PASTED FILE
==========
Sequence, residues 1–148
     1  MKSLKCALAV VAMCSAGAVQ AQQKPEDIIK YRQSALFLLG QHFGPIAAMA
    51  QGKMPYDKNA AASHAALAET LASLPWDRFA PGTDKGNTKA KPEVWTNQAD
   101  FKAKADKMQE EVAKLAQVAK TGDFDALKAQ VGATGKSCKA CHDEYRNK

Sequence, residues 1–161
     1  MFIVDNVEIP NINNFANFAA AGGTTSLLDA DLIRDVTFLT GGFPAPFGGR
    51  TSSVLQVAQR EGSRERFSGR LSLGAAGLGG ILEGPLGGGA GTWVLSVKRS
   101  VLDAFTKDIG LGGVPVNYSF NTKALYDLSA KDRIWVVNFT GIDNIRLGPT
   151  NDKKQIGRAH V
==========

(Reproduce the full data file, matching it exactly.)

Sequence, residues 1–148
     1  MKSLKCALAV VAMCSAGAVQ AQQKPEDIIK YRQSALFLLG QHFGPIAAMA
    51  QGKMPYDKNA AASHAALAET LASLPWDRFA PGTDKGNTKA KPEVWTNQAD
   101  FKAKADKMQE EVAKLAQVAK TGDFDALKAQ VGATGKSCKA CHDEYRNK

Sequence, residues 1–161
     1  MFIVDNVEIP NINNFANFAA AGGTTSLLDA DLIRDVTFLT GGFPAPFGGR
    51  TSSVLQVAQR EGSRERFSGR LSLGAAGLGG ILEGPLGGGA GTWVLSVKRS
   101  VLDAFTKDIG LGGVPVNYSF NTKALYDLSA KDRIWVVNFT GIDNIRLGPT
   151  NDKKQIGRAH V